the nabire of the desegregation unit
Flood said the fundamental phase of deseg
regation had been accomplished. “It was get
ting people to comply with the law, and getting
presence, meaning black, white, and Indian
children in the same facility. The goal of the
next phase was integration.”
Flood said, “Integration is the process by
which you acclimate attitudes, minds, and
lifestyles, and help people to adapt new moral
standards for the advocation of school busi
Flood said the integration of North Caro
lina public schools included staff develop
ment, workshopping, interaction skills, inter
personal communication skills, conflict reso
lution skills, group dynamics, one-to-one
communication, curricula modification, and
dealing with diversity. Flood kept this position
for ten years.
In 1983, Flood became the Associate State
Superintendent While assisting the State
The Performance Theory of Women of Color Qass
All I Have Is My Story
A Performance of Literature by Native and Latin American Women
Dec. 5 Union
8:00 pm Cabaret
Presented by the Theatre Art Committe
of the Union Activities Board
Superintendent, Flood said the position
had more global impact as well as being
a coordinating position.
Although he was no long^ directly
involved with the integration process,
people continued to call him when there
was a problem in their schools.
Then in 1988, when the 20-year Phil
lips administration ended, the new ad
ministration re-structured the cabinet
positions in the department Although
Flood’s former position. Associate State
Superintendent, was specific to the old
administration. Etheridge wanted to keep
Flood in the department Etheridge, then
the newly elected state school superin
tendent, created the Ombudsman posi
tion especially for Flood.
Politics does play a role in how Flood
makes his decisions. Here’s one example.
A principal called him and said that there
was a problem with racism in his school,
and wanted Flood to speak at the school.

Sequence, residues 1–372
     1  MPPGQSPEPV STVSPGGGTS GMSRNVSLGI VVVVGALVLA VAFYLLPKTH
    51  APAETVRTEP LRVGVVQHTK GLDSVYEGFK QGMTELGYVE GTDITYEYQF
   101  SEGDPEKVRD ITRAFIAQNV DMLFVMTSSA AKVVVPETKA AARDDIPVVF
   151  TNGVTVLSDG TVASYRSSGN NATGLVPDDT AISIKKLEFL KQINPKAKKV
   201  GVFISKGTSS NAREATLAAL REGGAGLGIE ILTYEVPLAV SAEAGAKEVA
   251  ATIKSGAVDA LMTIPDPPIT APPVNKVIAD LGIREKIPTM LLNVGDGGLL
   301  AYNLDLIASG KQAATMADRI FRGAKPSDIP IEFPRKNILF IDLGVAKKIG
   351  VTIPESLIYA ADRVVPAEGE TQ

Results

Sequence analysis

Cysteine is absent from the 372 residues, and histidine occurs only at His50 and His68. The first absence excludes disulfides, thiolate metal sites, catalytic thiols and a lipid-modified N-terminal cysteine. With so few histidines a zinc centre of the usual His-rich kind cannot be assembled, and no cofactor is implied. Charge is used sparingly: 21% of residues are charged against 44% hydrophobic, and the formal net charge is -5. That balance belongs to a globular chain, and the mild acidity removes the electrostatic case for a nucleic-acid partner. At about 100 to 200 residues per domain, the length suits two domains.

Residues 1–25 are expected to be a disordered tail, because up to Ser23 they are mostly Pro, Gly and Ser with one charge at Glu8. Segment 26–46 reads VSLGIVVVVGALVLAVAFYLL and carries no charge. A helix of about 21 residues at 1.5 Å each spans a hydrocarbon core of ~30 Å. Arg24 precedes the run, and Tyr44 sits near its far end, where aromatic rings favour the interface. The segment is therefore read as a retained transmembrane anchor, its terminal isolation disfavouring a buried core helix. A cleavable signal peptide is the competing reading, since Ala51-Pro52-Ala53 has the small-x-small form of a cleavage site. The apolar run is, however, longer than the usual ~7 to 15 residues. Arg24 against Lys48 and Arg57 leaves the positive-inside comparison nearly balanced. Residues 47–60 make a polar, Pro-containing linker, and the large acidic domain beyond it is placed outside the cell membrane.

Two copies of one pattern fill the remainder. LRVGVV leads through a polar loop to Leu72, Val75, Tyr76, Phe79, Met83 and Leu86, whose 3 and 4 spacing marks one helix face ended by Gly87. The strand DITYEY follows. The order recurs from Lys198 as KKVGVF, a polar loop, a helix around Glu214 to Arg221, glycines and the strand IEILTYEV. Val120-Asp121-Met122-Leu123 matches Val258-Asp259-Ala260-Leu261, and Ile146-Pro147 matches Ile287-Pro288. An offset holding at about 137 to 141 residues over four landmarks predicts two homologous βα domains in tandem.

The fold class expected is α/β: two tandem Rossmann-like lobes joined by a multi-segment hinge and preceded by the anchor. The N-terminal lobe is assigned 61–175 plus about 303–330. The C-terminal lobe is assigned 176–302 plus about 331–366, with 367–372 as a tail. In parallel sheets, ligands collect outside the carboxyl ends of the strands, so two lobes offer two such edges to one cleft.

Flood explained that his current position
as Ombudsman required him to handle
all problems firom behind his desk. Flood
continued diat although he used to do
lectures and legwork in his immediate
past position, he simply could not show
favoritism for one school, and referred
him to someone else.
Flood said the principal told him that
there was no one else who could reach
the children and that there was no one
else who wanted to talk to the children,
because they had lower levels of skills.
Flood said, “Before he had time to
complete the statement I said, 'I’ll be
Kim Hoke, assistant to the superin
tendent for the Chi^l Hill-Carrboro
School System said, “He’s a wonderful
speaker. He is able to draw the audience
in and take them with him. I know noth
ing but good things to say about him.”
Flood said, “The greatest challenge
in my job is to realize the anxiety level
about educational things that are not
obvious to people, or things that worry
people, because someone with a prob
lem has great intensity.”
December 3-9 Kwanzaa Activities
December 3 Orientation Leader
Interest Session 4pm-205 Union.
Maulana Karenga 8pm-100 Ha
December 4 Orientation Leader
Interest Session 6pm-Upendo
“Three Nights of Kwanzaa”
6; 30pm Toy Lounge.
Study with Theta Pi 6-8pm-BCC.
Decembers Resume Writing Work
shop 4;30pm-203 Howell.
BSM Meeting 5pm-Upendo
Candle Light Vigil 7pm-Union
Meet the Players Night 7:30pm-
December 6 African & African
American Vendors 12- 4pm-211 &
Candle Lighting Ceremony
Umoja Series 6pm-Lenoir North
December? Story Telling Activity
Ebony Readers Fall Performance
Eiecember 8 Talent Show 7pm-
December 9 Kwanzaa Extrava
ganza 2pm-Great Hall.
To place an announcement in the
events calendar call Raquel Bush-
nell (933-0609) or leave an an
nouncement in the Black Ink office.